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“Since the drop in oil prices last year there have been relatively few production shut-ins,” according to the Wood Mackenzie report.

The firm also cautioned against expecting further closures, because “many producers will continue to take the loss in the hope of a rebound in prices.”

Oil companies would rather run their operations at a loss over the short-term than have to incur the costs of completely closing down their shops, which may take months and cost millions of dollars.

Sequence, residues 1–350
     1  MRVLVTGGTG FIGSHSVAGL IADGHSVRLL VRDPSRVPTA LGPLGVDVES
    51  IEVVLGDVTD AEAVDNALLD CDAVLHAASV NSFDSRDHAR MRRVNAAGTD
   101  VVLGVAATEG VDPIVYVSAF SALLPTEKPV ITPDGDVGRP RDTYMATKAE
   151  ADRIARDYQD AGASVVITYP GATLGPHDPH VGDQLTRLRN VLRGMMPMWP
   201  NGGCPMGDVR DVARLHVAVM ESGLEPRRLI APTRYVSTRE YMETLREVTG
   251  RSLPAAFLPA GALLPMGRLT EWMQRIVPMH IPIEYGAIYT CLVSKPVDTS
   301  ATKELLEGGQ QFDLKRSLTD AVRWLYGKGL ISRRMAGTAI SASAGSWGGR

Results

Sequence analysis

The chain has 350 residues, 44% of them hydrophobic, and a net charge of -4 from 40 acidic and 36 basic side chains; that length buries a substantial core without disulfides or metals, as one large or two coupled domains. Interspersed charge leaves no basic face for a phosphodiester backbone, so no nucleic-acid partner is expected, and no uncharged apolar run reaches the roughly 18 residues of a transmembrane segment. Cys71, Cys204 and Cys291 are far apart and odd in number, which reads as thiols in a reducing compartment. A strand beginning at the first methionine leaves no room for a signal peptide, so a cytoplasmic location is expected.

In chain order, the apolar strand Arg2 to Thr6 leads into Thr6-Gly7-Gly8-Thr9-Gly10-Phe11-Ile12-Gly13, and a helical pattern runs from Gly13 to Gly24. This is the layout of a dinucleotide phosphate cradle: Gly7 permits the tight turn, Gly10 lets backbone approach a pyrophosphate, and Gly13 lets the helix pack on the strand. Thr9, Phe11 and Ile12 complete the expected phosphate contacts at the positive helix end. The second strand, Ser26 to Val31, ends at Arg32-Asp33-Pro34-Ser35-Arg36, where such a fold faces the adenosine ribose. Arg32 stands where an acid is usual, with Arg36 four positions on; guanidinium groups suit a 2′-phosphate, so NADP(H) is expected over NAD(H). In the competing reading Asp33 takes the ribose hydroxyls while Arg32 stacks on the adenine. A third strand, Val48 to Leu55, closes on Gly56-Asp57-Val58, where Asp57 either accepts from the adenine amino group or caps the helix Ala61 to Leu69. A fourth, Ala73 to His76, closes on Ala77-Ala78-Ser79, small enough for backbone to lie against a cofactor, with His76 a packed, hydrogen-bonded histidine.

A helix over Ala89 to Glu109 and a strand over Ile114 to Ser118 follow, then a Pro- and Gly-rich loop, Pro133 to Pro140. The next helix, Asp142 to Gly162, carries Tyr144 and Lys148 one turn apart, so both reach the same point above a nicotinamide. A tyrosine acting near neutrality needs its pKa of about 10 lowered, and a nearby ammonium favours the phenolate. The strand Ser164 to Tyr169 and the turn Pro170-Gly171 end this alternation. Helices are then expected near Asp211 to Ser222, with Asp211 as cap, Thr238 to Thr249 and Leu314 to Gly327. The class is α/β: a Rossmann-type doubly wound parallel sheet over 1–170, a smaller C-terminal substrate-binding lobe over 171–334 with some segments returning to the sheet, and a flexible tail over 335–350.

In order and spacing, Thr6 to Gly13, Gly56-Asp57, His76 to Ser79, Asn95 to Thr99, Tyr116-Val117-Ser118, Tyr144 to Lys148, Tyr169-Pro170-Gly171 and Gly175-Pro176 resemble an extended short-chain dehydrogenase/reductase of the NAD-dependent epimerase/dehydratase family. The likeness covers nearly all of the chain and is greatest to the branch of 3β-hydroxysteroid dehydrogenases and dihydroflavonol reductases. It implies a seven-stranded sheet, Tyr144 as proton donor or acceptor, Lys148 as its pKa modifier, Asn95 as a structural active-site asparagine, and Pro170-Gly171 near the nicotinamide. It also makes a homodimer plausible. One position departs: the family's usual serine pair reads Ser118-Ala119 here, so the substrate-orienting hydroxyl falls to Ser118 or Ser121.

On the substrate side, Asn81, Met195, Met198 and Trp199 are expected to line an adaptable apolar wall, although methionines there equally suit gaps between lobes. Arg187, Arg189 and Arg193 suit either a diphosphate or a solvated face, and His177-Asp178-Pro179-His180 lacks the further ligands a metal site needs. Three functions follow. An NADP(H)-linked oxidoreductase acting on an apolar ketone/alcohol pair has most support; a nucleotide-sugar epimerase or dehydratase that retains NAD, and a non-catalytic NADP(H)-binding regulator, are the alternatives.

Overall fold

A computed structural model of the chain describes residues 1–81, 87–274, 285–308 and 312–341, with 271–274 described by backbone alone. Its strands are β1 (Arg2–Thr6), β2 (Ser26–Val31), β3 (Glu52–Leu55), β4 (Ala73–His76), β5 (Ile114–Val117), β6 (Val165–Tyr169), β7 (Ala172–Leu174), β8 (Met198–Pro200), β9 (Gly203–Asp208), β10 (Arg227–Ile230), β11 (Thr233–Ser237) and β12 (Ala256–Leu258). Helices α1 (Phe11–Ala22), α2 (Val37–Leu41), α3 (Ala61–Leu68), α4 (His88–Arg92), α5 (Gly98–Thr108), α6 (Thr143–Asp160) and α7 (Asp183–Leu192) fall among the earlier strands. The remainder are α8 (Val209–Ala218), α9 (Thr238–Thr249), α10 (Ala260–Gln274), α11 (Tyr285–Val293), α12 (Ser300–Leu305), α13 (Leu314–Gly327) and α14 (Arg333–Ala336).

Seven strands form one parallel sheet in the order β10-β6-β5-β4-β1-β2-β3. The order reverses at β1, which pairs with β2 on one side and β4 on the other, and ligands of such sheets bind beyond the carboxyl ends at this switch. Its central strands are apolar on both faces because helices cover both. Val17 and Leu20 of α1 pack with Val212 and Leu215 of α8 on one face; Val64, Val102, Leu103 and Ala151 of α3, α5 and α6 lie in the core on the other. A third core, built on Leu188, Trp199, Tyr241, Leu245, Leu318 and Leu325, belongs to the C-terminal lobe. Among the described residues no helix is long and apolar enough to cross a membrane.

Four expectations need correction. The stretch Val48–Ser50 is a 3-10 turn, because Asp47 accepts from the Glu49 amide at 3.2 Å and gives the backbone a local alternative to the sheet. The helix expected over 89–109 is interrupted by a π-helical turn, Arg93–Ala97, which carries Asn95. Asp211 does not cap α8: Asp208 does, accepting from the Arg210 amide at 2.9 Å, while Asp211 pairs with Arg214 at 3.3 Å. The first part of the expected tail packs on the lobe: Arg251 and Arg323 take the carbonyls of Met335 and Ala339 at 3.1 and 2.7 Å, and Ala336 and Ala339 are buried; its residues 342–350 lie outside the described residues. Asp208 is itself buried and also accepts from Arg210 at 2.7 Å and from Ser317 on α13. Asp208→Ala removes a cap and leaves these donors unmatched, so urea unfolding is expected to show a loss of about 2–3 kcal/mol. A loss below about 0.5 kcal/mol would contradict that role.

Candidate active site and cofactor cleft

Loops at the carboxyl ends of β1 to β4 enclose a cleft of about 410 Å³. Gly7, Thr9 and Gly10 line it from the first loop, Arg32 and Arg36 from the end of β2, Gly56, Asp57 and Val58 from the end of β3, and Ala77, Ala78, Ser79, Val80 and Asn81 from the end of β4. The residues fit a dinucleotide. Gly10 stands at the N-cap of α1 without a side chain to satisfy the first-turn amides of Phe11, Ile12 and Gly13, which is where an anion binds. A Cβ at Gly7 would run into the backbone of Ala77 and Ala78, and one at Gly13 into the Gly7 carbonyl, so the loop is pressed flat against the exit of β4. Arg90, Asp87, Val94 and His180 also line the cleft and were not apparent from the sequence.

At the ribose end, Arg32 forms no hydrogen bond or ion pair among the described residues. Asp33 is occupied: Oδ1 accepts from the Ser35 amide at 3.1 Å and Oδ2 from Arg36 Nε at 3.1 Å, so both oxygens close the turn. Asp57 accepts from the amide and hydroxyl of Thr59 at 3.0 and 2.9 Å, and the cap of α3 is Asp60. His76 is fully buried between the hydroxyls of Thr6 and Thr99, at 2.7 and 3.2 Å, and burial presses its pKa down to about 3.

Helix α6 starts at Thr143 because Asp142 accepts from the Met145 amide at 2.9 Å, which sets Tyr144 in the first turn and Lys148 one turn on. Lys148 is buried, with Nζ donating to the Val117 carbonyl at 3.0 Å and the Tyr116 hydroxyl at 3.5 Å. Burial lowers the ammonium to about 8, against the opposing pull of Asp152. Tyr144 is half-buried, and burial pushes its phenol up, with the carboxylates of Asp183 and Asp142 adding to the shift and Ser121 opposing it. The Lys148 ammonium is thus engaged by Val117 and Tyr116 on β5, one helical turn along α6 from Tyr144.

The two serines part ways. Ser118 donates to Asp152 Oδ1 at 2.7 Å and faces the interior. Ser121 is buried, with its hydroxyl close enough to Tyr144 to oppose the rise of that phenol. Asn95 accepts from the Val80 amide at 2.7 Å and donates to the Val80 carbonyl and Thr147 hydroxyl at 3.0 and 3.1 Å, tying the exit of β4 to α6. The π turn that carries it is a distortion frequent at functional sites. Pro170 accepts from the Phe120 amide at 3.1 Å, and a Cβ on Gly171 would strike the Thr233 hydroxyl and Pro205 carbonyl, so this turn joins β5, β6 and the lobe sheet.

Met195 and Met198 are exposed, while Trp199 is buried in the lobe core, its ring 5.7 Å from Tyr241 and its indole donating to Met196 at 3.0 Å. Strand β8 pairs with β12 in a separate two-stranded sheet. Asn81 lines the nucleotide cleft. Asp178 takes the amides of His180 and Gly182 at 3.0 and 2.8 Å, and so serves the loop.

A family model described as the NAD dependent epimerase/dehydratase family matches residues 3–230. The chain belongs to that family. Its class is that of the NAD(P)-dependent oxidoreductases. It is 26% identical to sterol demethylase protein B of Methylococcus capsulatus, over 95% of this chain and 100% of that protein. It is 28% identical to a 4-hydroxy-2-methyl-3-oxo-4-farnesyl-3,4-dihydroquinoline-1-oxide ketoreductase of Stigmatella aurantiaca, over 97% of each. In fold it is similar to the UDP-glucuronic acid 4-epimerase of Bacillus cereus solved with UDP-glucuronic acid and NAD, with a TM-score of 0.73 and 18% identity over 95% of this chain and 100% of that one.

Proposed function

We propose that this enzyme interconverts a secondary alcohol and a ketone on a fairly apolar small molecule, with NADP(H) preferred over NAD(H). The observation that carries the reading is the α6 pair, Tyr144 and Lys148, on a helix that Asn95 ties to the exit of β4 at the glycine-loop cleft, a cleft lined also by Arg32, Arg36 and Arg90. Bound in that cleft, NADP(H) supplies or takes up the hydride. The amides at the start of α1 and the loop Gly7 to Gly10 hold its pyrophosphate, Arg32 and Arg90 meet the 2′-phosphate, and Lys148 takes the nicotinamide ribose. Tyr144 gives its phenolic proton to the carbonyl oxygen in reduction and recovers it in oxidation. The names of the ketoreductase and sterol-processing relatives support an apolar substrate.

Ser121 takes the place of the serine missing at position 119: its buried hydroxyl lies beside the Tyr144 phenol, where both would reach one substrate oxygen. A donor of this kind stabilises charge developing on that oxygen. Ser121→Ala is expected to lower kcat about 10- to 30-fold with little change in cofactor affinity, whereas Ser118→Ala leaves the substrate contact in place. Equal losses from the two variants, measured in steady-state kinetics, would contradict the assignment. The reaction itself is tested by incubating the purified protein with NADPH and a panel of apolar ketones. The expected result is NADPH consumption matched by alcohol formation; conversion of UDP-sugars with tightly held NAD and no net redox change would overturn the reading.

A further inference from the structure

“There are barriers to exit,” Robert Plummer, vice president of investment research at Wood Mackenzie, told Bloomberg.

Nevertheless, over the mid- to long-term, oil production may naturally fall as companies refrain from investing and drilling in new projects. Production typically declines at a 5% to 10% rate per year due to aging oilfields. Moreover, there is a steeper rate of decline in U.S. shale oil wells.

United States Oil Fund

Max Chen contributed to this article.